Mike Maguire
  • Streamline the planning, zoning and permitting processes to accelerate new construction. We also need to revisit development charges to find efficiencies and potentially reduce the upfront costs of new development. I have a plan for entry-level starter homes under $400,000. This move will facilitate a more stable workforce, as well as creating opportunities for existing businesses to service the needs of these new communities.
  • Ottawa does not have an acceptably functioning mass transit system. I propose that we restore as many bus routes as necessary. Additionally, I want to initiate a commuter rail service between Kanata and Orleans using existing rail and rail rights-of-way. A more mobile population using reliable and convenient transportation opens up many opportunities for business community engagement.
  • Ottawa has a public safety problem. No business can survive if its customers don’t feel safe. 
Ade Olumide
  • Pro-business, pro-jobs, pro-efficient government. A dollar in the hands of the non-profit or private sector stretches further than the same dollar in the hands of government. 
  • Up to 20 per cent of the $2 billion annual compensation budget might be outsourced to the non-profit and business community through a four-year hiring freeze and five per cent yearly attrition. 
  • Have a “rural home to LRT” shuttle and an “urban home to LRT shuttle.” These 13-seater buses can be back up capacity for LRT operational shortfalls and canceled bus services or routes. Free transit for employees that earn below $53,000 per annum. 
  • Attract more venture capital from the U.S., expand the incubator program for startups, lead more trade delegations to U.S. biotechnology hubs and build on the tourism industry legacy of Mayor Watson. 
  • Find an Ottawa ombudsman who will be tasked with how to safely reduce business red tape and transparently adjudicate business community complaints. 
Param Singh
  • More transparency, accountability and a budget that is affordable and allocated fairly. Ensure efficiency in managing the City. We cannot continue to increase property taxes to offset mismanagement.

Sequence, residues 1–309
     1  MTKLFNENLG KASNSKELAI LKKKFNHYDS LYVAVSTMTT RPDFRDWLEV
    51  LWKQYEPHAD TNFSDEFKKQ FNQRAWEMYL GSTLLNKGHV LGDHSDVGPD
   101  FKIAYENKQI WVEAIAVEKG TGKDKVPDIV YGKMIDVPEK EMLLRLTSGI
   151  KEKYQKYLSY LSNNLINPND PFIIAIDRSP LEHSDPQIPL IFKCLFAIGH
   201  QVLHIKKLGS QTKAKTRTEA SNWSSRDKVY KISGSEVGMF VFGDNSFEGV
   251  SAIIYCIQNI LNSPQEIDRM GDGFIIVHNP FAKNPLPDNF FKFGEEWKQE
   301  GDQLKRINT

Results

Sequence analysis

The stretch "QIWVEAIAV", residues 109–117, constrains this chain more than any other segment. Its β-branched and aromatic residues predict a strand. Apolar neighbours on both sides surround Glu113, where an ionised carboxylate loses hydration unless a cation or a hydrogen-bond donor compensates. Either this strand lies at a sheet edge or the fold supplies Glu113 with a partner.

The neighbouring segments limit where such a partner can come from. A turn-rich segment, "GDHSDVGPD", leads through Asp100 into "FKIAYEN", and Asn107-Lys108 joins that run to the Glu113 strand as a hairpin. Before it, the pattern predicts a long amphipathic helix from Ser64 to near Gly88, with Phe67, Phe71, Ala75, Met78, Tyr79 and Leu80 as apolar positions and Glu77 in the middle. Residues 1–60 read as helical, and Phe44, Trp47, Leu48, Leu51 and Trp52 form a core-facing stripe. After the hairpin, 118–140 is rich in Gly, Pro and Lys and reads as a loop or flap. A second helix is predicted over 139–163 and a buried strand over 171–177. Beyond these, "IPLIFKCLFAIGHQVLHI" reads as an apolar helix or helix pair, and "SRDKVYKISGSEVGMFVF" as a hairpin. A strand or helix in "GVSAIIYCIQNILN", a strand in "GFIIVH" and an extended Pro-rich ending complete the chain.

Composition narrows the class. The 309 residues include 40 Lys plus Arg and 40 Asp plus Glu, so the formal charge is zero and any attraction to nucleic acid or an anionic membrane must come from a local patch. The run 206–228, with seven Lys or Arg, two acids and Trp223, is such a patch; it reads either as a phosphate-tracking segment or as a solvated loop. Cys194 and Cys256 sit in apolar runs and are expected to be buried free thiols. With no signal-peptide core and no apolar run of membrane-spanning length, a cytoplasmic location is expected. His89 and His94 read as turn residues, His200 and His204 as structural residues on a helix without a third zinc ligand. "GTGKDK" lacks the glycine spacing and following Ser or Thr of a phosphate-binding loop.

• I will tackle every issue with integrity and honesty and will always stay true to the residents of Ottawa. It is vital that we build an inclusive city whereby decisions are made but residents’ perspectives are also taken into account.
  • Transit, infrastructure, emergency services, affordable housing and investing in Ottawa’s post-COVID economy are on the top of my list. 
  • Ensure that Ottawa is future-proofed (look at a 10-, 15-, 20-year plan). 
  • We will continue to work with local BIAs, the Ottawa Board of Trade, National Capital Commission, Tourism Ottawa and other associations that advocate for a more collaborative and sustainable community prosperity.
  • As a city, we must continue in raising our visibility and our profile on the global platform so that we can not only attract new business, but tourists as well.
  • We must continue to find innovative solutions and ideas to attract tourism back to pre-pandemic levels. One idea is to create and develop a new permanent year-round attraction, like a Fisherman’s Wharf, a carousel and/or a ferris wheel.
Jacob Solomon
  • Ottawa has problems and they’re all easy to fix. Ottawa is a great city with even better potential, but let’s look at it realistically. Do you genuinely feel like the high price of living here and the high taxes you pay every year accurately reflect the quality of life that's given back to you? 
  • Our buses are some of the most expensive in the country. Our LRT goes four kilometres and doesn’t work in the winter.
  • Why do people barely have a reason to go downtown? Why is the downtown core right in front of Parliament essentially a barren concrete wasteland?
  • I believe that very simple steps such as plowing the paths during winter, adding more garbage bins, making downtown more walkable and using tax dollars in a more sensible way are all easy and productive ways of actively making this city a better place to live.